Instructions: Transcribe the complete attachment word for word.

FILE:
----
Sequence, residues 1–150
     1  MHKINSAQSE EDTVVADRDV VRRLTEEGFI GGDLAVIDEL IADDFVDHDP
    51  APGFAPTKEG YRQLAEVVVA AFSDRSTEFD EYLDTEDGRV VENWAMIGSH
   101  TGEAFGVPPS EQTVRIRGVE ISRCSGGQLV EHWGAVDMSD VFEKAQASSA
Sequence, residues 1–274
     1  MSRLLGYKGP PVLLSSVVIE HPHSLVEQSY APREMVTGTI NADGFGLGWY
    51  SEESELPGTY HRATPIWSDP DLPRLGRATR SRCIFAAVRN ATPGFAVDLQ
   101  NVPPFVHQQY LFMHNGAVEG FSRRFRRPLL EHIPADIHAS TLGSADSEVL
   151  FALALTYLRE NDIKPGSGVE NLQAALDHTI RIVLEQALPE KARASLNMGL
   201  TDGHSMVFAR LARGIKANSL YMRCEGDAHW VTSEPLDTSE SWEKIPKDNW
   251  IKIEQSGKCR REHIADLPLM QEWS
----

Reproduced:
Sequence, residues 1–150
     1  MHKINSAQSE EDTVVADRDV VRRLTEEGFI GGDLAVIDEL IADDFVDHDP
    51  APGFAPTKEG YRQLAEVVVA AFSDRSTEFD EYLDTEDGRV VENWAMIGSH
   101  TGEAFGVPPS EQTVRIRGVE ISRCSGGQLV EHWGAVDMSD VFEKAQASSA
Sequence, residues 1–274
     1  MSRLLGYKGP PVLLSSVVIE HPHSLVEQSY APREMVTGTI NADGFGLGWY
    51  SEESELPGTY HRATPIWSDP DLPRLGRATR SRCIFAAVRN ATPGFAVDLQ
   101  NVPPFVHQQY LFMHNGAVEG FSRRFRRPLL EHIPADIHAS TLGSADSEVL
   151  FALALTYLRE NDIKPGSGVE NLQAALDHTI RIVLEQALPE KARASLNMGL
   201  TDGHSMVFAR LARGIKANSL YMRCEGDAHW VTSEPLDTSE SWEKIPKDNW
   251  IKIEQSGKCR REHIADLPLM QEWS